Tag Archives: IRN

A Self-Isolating Conversation With Dr. Binoy Kampmark

The fourteen-hour time difference hardly seems to matter when you are self-isolating. Days seem to run into each other. Cable news doesn’t help, everyone is jibber-jabbering from their homes via Skype or Zoom, etc. The only slight relief from the monotonous drone of doom and gloom from the endless rotation of hostage-like videos is peering into a pundit home. Is my home interior as predictable as Chris Cuomo’s basement? Is historian, Michael Beschloss’s perfectly manicured office in what appears to be a pristine home in Westchester.? Self-isolating has created a whole new way of living, including producing a radio show without going into the studio. Our first Life Elsewhere show produced without all the usual technical bells and whistles was recorded and mixed on a laptop. Our guest, Dr. Binoy Kampmark is used to speaking to us from the future, Melbourne is fourteen hours away, so one of us may be getting ready for bed. 

We reached out to Dr. Kampmark for his learned take on current world events. How is Covid-19 being addressed in Australia? The US response to the pandemic? Can we foresee the aftermath? The world’s reaction to the claim of a hoax by Trump? The coming US election – will it happen? The extradition of Julian Assange and an update on his critical condition? Dr. Binoy Kampmark is very well versed in the Assange case. His insight into the physical well-being of the Wikileaks founder is alarming. No matter what your opinion of Assange is, you will be shocked by the gruesome details and legal maneuvering involved in his plight shared by Dr. Kampmark

To round out the show, music for a few minutes of contemplation, for taking a much deserved deep breath, for reflecting on the wonderful and special people in our lives. From the exceptional album, I Will Not Be Sad In This World, Djivan Gasparyan with A Cool Wind Is Blowing, followed by Klive and Nigel Humberstone, also known as In The Nursery with Pacify from their gorgeous album, 1961.

Dr. Binoy Kampmark is a Senior Lecturer in the School of Global, Urban and Social Studies, RMIT University, Melbourne, Australia

LE #367

Life Elsewhere Music Vol 175 – Isolation Mix #1

Producing a weekly sixty-minute mix of new releases just became a little more difficult than usual because of the stay-in-place order. We cannot get into our studio to record, mix, and produce. Instead, our shows will be produced at home and that means the commentary may not sound so polished but the music will definitely sound as good as always. Until things change you’ll hear an open and close message and in between a non-stop music mix. The usual ad-libbed info about the cuts will be posted here, every week.

We begin with an artist out of Brooklyn, Margaret Glaspy with Killing What Keeps Us Alive from her album, Devotion. Don’t let the vocoder effect at the start of the song bother you, Ms. Glaspy has an excellent voice and on this outing, she proves she is a good songwriter. Next, we head to Halifax, Nova Scotia to hear So Tired from Nap Eyes, a cut from their fine Snapshot Of A Beginner album. The new single, Circles by Francis Of Delirium remind us that their earlier single this year, Quit Fucking Around is worth your opinion. So we have included both cuts. The band says this about themselves, “A sometimes rock band based in Luxembourg. Homemade indie rock from our hearts to yours.” Songwriter/Producer Mazlyn hails from Suffolk in the UK, his tune is Confessed. We have played Biig Piig on the before and gave a large thumbs up to the London-based Irish singer. We are continuing o rave with her latest, Switch. Clair Adams, Bobby Glew, and Kathy Grey are Nape Neck. Leeds is their hometown and they, unfortunately, list all the places they would have been playing along with a message saying there are more Euro dates coming. On a happier note, the sleeve artwork for their self-titled album is wonderful. You Stand, You Sit displays a band you need to check out. From the excellent LP, Less Of Everything we selected, Hidden Track by Es is next up. We hear Maria Cecillia Tedemalm, Katy Cotterel, Tamsin M Leach, and Flora Watters were putting on amazing live shows before being ensconced in their homes. All Or Nothing the title track from the LP of the same name by Shopping shows off their skills. From London originally, now the band are spread across the globe with Billy in LA and Andrew and Rachel in Glasgow. A change of genre for the next cut by San Francisco’s Monophonics. Day By Day from their LP, It’s Only Us, led by Kelly Finnigan the band has drawn on their colorful history, both their experiences as veteran touring performers and as individuals growing up in the Bay Area. Witch Prophet takes us in another direction with Makda from the album DNA Activation. Out of Toronto, produced by Sun Sun and Witch Prophet, named after Witch Prophet’s family members, and inspired by biblical stories, myths, and her Ethiopian, Eritrean roots. Seb Taylor is Kaya Project and says, “I present to you a song full of hope, love & devotion – another uplifting & optimistic track to counteract the uncertain times we are currently living through.” There are five different versions of Souls Entwined Featuring the beautiful vocals of Pooja Tiwari, together with two Classical Indian Violinists (Deepak Pandit & Kartik Raghunathan) & Hungarian Flute Virtuosa Fatima Gozlan making a cameo appearance in the middle of the track. We selected the bass-forward Digitalis Remix. The kora is an ancient African, 21-string harp-lute hand made from natural materials. “Our aim is to expose the beauty of this instrument to a more diverse audience,” said John Haycock & Alan Keary. Mostly recorded in an afternoon at Alan’s place to sell at a busking festival in Switzerland. You’ll hear Abode from the LP, John & Alan. Next, we bring you dubstep in fine style from Manchester’s Biome with Found You from Unreleased Dubs Part 2. Qiii Snacks Records are out of Guangzhou, China. We are not sure where Your Boyfriend Sucks are from but their EP Episode 2 is really cool and Mathias is a perfect example. Dub Invasion Records are out of Italy and Wellette Seyon’s Spiritual Thing is a worthy addition to this mix. The other side is a nice dub version. Staying on a Dub Reggae tip. The closing cut is Isaac Chambers featuring Dub Princess with Back To My Roots (Deep Fried Dub’s Refried Remix), from Melbourne, Australia.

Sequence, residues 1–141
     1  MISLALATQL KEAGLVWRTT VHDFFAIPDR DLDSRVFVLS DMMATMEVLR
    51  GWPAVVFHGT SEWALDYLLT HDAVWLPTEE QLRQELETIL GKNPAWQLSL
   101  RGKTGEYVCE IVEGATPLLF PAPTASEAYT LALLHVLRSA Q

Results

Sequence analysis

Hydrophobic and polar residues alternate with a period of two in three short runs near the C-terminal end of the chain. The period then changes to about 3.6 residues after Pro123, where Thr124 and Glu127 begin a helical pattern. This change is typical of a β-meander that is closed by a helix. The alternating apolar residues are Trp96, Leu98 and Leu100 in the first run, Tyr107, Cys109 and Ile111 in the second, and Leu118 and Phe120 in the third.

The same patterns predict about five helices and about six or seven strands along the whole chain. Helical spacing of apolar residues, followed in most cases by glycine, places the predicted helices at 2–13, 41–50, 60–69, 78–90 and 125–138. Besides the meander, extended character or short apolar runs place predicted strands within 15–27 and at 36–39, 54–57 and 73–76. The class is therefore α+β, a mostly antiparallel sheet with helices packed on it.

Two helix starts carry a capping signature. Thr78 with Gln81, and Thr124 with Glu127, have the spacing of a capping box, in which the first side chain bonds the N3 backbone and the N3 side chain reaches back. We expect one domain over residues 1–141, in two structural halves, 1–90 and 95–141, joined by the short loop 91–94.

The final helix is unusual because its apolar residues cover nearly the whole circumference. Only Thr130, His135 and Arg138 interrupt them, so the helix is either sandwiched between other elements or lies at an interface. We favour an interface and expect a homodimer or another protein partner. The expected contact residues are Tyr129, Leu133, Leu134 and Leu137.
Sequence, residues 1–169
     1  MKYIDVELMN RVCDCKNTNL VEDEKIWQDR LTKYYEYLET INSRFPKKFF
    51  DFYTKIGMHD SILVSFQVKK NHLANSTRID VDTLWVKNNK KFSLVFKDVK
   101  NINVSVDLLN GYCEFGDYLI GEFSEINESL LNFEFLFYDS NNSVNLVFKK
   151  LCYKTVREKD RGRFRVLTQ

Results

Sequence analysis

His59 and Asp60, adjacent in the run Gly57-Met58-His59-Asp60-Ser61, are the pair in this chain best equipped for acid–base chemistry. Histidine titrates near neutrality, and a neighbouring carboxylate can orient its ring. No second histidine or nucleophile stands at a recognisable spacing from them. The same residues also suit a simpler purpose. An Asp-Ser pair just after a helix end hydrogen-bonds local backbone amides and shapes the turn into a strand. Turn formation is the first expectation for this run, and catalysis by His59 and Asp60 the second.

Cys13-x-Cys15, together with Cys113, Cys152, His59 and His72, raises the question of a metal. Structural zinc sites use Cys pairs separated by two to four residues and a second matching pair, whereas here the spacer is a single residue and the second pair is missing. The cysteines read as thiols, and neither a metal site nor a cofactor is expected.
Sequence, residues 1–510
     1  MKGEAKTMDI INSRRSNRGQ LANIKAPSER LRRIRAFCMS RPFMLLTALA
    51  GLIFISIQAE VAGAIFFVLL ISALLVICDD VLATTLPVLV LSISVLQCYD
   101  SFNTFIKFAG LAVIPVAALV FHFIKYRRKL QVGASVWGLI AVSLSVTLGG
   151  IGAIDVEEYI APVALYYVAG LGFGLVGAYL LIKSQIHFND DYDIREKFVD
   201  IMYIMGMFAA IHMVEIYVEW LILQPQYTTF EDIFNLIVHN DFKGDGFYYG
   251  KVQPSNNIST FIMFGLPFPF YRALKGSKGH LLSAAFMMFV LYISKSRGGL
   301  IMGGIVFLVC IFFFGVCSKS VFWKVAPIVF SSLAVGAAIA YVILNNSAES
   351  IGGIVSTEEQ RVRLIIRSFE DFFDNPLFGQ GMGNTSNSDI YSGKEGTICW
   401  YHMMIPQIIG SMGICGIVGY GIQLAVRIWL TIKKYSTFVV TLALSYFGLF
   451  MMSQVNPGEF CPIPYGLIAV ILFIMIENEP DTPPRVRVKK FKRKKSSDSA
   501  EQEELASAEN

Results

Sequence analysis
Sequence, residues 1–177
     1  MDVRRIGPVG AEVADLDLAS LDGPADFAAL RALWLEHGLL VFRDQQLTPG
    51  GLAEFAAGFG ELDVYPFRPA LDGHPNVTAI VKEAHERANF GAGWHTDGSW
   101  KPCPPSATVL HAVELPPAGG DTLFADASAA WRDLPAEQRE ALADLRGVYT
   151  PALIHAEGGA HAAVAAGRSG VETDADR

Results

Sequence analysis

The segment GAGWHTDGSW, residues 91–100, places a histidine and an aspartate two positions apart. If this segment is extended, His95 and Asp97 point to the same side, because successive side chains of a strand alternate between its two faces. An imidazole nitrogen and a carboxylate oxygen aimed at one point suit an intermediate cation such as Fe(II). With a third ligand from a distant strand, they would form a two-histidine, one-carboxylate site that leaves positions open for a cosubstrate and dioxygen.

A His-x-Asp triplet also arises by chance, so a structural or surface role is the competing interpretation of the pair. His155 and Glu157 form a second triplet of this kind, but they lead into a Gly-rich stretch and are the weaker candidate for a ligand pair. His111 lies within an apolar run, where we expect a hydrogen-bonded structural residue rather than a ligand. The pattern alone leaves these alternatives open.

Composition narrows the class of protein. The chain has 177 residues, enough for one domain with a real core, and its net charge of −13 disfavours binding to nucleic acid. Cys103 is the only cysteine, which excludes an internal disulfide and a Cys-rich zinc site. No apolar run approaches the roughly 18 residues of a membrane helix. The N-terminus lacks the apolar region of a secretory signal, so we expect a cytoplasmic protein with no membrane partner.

Make sure you let us know what you think of LEM Vol 175 – Isolation Mix #1

Be well, be safe and be nice. 

LEM Vol 175 

 

Two Cultural Phenomena